Giuseppe Zanotti has earned a cult following with his painstakingly designed and meticulously crafted shoes that look to both the past and the future. He tells Zaneta Cheng why curiosity is the key to innovation and how balance is the key to creating the perfect shoe
Designing shoes is Giuseppe Zanotti’s calling. Growing up in San Mauro Pascoli, a small village on the Adriatic Riviera where footwear is the primary industry, the former DJ realised at 18 that despite his fondness for music, shoes were to be his life’s work, likening his compulsion to craft and design shoes to that of “a sculptor that would like to change what he does not like with his own bare hands”. It jars him, he says, to meet beautiful women whose shoes do not “do justice to them, they do not exalt their beauty and are not suited for the changing times we’re living in.”
In order to become said sculptor, the young Zanotti began working in a shoe factory and learning the basics. Despite the innovations that Zanotti has since developed and established a name for with their forward-looking designs, his shoes are still made using traditional techniques relying on the experience of skilled artisans. Patrimony and traditional craftsmanship remain at the core of each design.
“We need to preserve and pass on to new generations of artisans, which is why as a company we support a local design school called Cercal, which specialises in all the areas of footwear: from the artistic and creative part to prototype development, 3D techniques and production. We need to breed a new generation of artisans because creativity without technique and manual skills is just a sketch,” says Zanotti.
The cause is dear to Zanotti’s heart. Himself a dreamer, the Italian designer draws his inspirations from “everything that surrounds me: art, different cultures, music – it depends on the moment. I often imagine stories set in different periods of time and places like ancient Greece, the 1940s, the future – and then I design what I see,” he says.
Every dream and premonition then becomes a sketch before the brand’s teams of artisans and craftsmen hammer and stitch it to life. The process is arduous and “takes a lot of trials and fittings to create the perfect shapes,” Zanotti says.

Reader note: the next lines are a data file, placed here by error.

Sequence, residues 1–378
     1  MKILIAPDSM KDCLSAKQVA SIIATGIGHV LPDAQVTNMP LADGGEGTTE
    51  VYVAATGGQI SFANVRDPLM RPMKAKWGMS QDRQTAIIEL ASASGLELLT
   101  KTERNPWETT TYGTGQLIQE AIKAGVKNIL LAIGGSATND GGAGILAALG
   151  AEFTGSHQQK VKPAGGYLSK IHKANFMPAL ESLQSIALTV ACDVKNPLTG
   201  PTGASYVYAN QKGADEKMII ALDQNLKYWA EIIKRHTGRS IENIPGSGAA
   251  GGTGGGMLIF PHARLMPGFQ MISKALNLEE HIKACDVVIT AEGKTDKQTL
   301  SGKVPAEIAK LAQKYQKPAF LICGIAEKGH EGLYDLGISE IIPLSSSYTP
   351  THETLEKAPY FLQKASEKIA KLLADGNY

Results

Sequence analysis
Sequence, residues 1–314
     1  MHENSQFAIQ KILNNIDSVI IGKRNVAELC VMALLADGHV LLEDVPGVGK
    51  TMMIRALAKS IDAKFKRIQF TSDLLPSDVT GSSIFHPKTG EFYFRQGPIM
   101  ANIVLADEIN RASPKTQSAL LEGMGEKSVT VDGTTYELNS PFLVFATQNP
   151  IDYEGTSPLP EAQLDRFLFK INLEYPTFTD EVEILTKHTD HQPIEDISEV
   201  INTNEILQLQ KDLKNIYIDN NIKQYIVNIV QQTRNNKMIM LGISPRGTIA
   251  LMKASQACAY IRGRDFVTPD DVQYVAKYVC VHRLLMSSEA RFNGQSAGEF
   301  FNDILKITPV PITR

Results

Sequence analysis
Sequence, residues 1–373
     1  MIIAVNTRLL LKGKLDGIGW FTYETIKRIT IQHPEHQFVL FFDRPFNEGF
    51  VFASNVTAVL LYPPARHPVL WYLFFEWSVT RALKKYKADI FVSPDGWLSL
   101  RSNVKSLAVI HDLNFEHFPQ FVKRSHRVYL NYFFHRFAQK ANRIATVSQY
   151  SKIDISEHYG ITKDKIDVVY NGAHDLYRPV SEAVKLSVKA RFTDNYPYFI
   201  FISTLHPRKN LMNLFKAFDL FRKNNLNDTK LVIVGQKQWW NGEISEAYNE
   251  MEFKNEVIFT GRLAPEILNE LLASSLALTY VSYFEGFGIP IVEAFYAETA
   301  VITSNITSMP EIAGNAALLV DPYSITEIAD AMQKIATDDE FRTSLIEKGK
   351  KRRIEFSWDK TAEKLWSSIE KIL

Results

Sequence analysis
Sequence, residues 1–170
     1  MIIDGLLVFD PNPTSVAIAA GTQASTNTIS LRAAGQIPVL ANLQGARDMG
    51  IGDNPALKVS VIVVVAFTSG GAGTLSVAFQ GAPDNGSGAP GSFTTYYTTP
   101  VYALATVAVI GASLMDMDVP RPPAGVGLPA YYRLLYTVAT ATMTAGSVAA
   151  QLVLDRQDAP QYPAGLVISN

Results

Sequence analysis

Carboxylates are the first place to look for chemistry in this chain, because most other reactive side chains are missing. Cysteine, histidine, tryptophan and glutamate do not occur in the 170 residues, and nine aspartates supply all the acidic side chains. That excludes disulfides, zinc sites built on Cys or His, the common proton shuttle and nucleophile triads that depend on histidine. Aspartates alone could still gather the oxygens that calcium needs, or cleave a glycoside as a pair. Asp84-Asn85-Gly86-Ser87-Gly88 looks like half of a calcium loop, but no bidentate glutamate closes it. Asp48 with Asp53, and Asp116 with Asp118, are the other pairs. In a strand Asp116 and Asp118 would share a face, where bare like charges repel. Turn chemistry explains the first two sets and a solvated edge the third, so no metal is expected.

“As a designer, I have a love-hate relationship with each step of the process,” he explains. “Croce e delizia, we say in Italian. The creation process of a collection is at the same time what keeps me going – and dreaming – and what troubles my entire living. As a designer, when you have your latest creation in your hands, the perfect one, just like you wanted, you immediately feel a sense of joy and confidence. But soon after, you realise you’re not there yet and you need to keep searching and then it starts all over again. It’s frustrating and motivating at the same time.”
While on the one hand Zanotti refers to his creations as conveyors of emotion, he is exacting in the way each element of a shoe comes together. From the embellishments to the silhouette, Zanotti’s “formula is to always pay attention to the balance of the elements that form a shoe.” This and his insistence that his shoes be light no matter the intricacy of the detail – “I use light and natural materials. They’re rich but with a light touch. I use silk and well-tanned hides. The other components like the soles and the heels are light as well and this extends of course ultimately to the proportions and styles.”
Likening his collections to the process of creating a playlist – “you need to find balance, harmony and the right sequence” – Zanotti designs to music. Music is in everything he does, he says, alongside his greatest inspiration – women of all walks of life and backgrounds. In light of this, it comes as no surprise that Zanotti has worked with artists and singers since the first days of the brand.